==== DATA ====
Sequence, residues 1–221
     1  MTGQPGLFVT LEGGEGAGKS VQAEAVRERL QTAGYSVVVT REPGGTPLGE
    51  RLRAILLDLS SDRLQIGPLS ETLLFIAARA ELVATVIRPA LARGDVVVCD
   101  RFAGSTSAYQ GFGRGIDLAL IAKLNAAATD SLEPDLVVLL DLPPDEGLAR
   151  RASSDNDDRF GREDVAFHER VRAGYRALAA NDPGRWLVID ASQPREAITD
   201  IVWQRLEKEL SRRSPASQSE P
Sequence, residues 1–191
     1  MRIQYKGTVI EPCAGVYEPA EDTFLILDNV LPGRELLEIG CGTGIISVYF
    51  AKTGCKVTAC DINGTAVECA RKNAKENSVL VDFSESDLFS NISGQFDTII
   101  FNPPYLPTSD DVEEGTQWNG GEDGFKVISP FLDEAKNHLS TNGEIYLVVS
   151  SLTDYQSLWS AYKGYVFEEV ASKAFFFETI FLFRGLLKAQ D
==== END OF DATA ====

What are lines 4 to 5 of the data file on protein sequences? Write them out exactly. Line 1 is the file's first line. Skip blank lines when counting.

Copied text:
   101  RFAGSTSAYQ GFGRGIDLAL IAKLNAAATD SLEPDLVVLL DLPPDEGLAR
   151  RASSDNDDRF GREDVAFHER VRAGYRALAA NDPGRWLVID ASQPREAITD